The time of year is quickly approaching when we tend to throw aside dietary discretion and conservative eating in favor of excessive sweets and fatty foods. It’s almost impossible to avoid or resist at holiday gatherings and at the workplace. Starting around Thanksgiving through the New Year celebrations, we all indulge in a feeding frenzy.
Along with this passion for foolhardy overeating amidst the unavoidable holiday spirit, many who normally suffer with casual gastroesophageal reflux disease (GERD) and acid disease will often suffer with an abundance of discomfort, even if previously well controlled on medication. Fats in particular will relax the lower esophageal sphincter, thereby allowing more acid to enter and negatively affect the esophageal lining. The subsequent inflammation (reflux esophagitis) and symptoms of GERD worsen and if we also gain weight, this will independently worsen reflux.
Symptoms, aside from typical heartburn which is not present in the majority of patients with GERD, may include: chest pain, painful swallowing (odynophagia), globus (a sensation of a lump in the throat), hoarseness, chronic cough or constant clearing of the throat, regurgitation, shortness of breath, asthma, upper abdominal pain and dysphagia (food sticking after swallowing).
Dysphagia is most worrisome and can reflect serious disease as a consequence of reflux or other disorders of the esophagus. It is often felt as a globus sensation around the base of the neck or slow passage of food after swallowing. It is commonly associated with a pressure sensation in the chest until the food passes. Unfortunately, many people tend to ignore this symptom and don’t seek medical evaluation until one day the food actually becomes tightly lodged in the esophagus causing a complete obstruction. This invariably leads to an emergency room visit requiring an urgent endoscopy to remove the obstructing food that cannot even allow swallowed saliva to pass.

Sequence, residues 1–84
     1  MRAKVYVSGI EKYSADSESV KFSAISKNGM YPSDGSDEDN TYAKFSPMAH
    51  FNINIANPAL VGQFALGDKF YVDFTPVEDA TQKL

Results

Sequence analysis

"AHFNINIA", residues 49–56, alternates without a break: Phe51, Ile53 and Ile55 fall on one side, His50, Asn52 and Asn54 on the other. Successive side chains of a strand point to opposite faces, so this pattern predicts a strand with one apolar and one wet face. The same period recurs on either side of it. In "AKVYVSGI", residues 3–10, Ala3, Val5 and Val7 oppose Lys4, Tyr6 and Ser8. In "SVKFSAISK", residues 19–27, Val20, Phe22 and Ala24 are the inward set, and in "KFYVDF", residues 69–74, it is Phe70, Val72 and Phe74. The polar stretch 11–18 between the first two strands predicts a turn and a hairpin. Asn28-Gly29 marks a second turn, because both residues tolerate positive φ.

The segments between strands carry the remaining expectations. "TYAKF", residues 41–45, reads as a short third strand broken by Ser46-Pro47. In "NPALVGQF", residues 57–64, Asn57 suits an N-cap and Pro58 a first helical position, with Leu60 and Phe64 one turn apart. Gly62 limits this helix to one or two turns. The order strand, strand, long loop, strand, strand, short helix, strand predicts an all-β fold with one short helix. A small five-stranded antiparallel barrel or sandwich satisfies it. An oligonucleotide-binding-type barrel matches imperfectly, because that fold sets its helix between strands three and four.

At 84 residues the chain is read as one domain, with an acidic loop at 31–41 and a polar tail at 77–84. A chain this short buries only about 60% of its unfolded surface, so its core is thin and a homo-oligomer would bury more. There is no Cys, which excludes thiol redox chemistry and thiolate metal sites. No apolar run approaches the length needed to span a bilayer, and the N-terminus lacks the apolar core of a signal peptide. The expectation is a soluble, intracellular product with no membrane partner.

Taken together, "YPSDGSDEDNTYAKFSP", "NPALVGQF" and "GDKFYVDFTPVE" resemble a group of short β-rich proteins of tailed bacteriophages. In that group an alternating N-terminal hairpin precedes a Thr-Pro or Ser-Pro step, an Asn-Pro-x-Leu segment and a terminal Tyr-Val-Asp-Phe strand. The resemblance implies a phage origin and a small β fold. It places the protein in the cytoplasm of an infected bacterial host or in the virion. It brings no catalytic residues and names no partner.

Aside from avoiding overeating the wrong foods and using acid suppressing medication regularly if prescribed, anyone suffering with poorly controlled GERD as noted by the above mentioned symptoms and especially dysphagia, should seek a gastroenterologist’s evaluation prior to the joyous season. It could save an unexpected trip to the hospital at a time when we should all be enjoying our families and friends.
Dr. Martin Radwin, is a Gastroenterologist and is now accepting patients at Exodus Healthcare, 3665 S. 8400 W. Suite 110 in Magna and 3336 S. Pioneer Parkway Suite 201 in West Valley. For more informaion regarding Dr. Radwin and to schedule an appointment for consultation and evaluation, please call 801-250-9638 or visit www.exodushealthcare.com.